Figure 2. Revised SEWA framework with incorporated rationales, attributes, types of impact, and possible scopes identified in included studies. EHR: electronic health record; SEWA: Sociotechnical Electronic Health Record Workaround Analysis.
View this figure

The recommendations [20] for using a scoring mechanism to indicate whether the impact per workaround is favorable, unfavorable, or neutral, as well as to indicate whether the impact is immediate or only observable after a certain period (direct/time lag) remain. However, we also recommend the inclusion of a scoring mechanism to indicate the number of patients and health care professionals and organizational units affected per applicable scope. This is in line with Carayon et al [53], who distinguished between workarounds having an impact at an individual or team level (eg, an entire team of nurses in a certain hospital ward). Applying a scoring mechanism allows for a more substantiated view when analyzing and prioritizing various identified workarounds for resolution.

Principal Findings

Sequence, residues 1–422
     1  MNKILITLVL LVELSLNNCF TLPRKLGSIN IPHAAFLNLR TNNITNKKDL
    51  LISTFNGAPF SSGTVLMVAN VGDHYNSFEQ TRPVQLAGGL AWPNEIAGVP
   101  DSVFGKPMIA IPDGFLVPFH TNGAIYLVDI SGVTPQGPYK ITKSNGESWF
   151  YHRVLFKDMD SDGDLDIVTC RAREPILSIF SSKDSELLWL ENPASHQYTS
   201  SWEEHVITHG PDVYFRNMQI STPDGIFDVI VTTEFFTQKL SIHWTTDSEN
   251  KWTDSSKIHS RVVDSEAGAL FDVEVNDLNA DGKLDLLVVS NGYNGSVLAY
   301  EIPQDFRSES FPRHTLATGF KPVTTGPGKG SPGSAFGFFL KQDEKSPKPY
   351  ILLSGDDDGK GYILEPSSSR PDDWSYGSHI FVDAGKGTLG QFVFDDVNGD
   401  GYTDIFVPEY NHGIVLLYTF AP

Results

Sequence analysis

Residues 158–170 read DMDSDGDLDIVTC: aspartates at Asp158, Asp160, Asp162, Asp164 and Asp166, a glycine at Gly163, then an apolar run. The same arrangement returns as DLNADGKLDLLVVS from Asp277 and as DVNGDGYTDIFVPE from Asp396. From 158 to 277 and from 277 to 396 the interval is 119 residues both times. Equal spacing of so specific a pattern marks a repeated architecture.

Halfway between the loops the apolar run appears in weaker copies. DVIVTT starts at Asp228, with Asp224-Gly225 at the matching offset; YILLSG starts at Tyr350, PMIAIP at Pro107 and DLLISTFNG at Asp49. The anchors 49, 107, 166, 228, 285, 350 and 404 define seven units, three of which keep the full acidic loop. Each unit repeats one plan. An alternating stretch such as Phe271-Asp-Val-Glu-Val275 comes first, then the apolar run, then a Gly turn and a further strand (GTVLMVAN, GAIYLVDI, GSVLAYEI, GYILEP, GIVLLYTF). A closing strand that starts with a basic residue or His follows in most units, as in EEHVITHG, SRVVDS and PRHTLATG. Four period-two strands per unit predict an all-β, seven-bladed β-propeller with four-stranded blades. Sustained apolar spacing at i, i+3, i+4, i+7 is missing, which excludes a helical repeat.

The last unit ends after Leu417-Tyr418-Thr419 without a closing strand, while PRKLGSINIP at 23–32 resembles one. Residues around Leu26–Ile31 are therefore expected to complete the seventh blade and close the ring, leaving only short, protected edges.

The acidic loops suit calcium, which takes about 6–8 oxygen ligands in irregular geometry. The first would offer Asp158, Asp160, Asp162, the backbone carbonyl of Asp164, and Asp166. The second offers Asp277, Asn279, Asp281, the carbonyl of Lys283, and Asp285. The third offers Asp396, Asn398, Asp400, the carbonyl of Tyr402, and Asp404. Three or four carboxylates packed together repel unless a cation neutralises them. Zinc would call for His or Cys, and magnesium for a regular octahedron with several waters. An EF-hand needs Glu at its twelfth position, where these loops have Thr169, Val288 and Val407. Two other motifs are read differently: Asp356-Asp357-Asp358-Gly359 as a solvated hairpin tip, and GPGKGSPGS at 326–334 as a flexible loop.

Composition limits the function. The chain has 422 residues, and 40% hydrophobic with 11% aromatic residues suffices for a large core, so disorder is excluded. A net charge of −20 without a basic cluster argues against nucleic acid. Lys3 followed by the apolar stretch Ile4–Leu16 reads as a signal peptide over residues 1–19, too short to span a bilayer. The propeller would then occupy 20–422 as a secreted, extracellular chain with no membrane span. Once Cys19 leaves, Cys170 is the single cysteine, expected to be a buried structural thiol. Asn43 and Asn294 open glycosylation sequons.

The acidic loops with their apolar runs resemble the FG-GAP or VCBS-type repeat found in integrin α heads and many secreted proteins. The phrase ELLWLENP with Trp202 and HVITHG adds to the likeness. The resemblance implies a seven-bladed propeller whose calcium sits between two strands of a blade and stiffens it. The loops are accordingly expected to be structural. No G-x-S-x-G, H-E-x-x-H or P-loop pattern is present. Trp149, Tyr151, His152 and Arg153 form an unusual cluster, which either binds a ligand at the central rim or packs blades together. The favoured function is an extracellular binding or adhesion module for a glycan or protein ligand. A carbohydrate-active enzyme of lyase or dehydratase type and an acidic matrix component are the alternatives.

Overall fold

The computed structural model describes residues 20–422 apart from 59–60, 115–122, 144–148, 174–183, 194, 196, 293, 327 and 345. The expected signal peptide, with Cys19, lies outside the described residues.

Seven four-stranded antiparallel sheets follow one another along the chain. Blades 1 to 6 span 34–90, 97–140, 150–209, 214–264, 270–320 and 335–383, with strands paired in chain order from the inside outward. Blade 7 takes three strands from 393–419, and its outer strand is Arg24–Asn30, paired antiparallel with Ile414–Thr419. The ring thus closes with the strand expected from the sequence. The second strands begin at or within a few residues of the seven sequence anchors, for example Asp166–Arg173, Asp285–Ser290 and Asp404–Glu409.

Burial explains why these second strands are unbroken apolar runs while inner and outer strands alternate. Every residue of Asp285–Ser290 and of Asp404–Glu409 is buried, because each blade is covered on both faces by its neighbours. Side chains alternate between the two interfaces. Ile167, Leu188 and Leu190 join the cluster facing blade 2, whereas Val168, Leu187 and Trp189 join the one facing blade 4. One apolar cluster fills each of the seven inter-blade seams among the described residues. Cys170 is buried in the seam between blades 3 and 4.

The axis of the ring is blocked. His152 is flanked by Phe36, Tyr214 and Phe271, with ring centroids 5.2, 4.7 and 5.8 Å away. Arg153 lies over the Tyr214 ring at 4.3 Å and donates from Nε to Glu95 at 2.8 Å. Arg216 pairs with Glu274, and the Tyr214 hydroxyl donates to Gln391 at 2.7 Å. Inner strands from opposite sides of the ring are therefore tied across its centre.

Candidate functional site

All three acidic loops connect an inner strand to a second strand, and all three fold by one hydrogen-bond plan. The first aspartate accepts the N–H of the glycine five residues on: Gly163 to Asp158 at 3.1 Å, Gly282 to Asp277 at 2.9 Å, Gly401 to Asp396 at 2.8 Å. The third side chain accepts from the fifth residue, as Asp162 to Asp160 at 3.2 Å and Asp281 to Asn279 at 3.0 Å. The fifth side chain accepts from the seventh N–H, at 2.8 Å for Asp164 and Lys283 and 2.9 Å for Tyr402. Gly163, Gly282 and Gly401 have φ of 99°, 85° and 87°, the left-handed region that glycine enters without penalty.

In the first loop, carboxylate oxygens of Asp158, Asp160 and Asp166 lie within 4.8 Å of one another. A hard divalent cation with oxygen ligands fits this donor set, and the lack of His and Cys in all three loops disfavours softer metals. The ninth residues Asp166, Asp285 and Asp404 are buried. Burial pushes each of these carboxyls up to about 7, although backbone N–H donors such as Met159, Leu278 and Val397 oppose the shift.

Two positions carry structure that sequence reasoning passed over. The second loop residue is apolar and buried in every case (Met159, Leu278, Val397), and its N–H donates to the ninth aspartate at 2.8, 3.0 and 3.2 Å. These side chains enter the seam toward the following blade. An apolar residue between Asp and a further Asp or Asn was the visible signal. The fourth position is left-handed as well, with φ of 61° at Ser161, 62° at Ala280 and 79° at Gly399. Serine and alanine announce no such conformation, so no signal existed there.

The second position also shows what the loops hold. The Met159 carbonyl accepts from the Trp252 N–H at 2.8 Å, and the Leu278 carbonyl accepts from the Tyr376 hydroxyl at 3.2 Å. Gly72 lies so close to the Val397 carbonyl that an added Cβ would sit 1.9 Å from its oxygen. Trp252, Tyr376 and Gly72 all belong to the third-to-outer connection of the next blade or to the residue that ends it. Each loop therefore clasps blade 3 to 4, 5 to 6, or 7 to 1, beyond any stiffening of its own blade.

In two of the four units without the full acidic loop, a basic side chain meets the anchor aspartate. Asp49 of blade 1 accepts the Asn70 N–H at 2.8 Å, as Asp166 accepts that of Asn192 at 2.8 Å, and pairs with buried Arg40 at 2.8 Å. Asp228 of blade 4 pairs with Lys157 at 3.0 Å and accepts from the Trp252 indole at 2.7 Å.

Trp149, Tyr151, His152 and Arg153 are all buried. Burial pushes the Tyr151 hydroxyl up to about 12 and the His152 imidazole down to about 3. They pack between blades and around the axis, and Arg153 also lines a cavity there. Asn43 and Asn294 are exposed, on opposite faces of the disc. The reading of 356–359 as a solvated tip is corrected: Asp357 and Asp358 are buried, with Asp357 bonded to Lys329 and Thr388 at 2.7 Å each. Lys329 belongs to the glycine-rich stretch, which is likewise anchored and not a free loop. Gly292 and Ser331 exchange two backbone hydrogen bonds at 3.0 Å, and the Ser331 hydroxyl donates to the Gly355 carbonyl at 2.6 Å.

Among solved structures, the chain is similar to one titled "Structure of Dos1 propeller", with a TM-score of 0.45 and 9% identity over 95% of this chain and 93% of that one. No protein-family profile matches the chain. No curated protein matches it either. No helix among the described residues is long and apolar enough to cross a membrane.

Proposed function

A scoping review was performed to theoretically validate the SEWA framework [20] and refine and enrich it with newly identified rationales, attributes, types of impact, and possible scopes of EHR workarounds. The scoping review retrieved 737 studies, of which 62 (8.4%) were included. The included studies provided extensive support for nearly all the items included in the original SEWA framework. SEWA was revised and enriched with 7 new rationales, 4 attributes, and 5 types of impact of EHR workarounds mentioned in the included studies. The definitions of several existing rationales were also refined. As a result, SEWA is now grounded in the existing body of peer-reviewed empirical evidence on EHR workarounds published between 2010 and 2021. In addition, this revised version is likely also applicable in a wider range of health care settings as input for the original SEWA framework that came from a single comprehensive case study on EHR workarounds in an academic hospital.